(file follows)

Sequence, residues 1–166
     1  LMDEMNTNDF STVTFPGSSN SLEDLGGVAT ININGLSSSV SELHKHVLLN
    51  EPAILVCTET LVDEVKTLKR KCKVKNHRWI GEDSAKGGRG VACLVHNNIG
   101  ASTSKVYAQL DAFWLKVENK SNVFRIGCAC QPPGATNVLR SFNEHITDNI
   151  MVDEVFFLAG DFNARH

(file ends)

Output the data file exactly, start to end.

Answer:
Sequence, residues 1–166
     1  LMDEMNTNDF STVTFPGSSN SLEDLGGVAT ININGLSSSV SELHKHVLLN
    51  EPAILVCTET LVDEVKTLKR KCKVKNHRWI GEDSAKGGRG VACLVHNNIG
   101  ASTSKVYAQL DAFWLKVENK SNVFRIGCAC QPPGATNVLR SFNEHITDNI
   151  MVDEVFFLAG DFNARH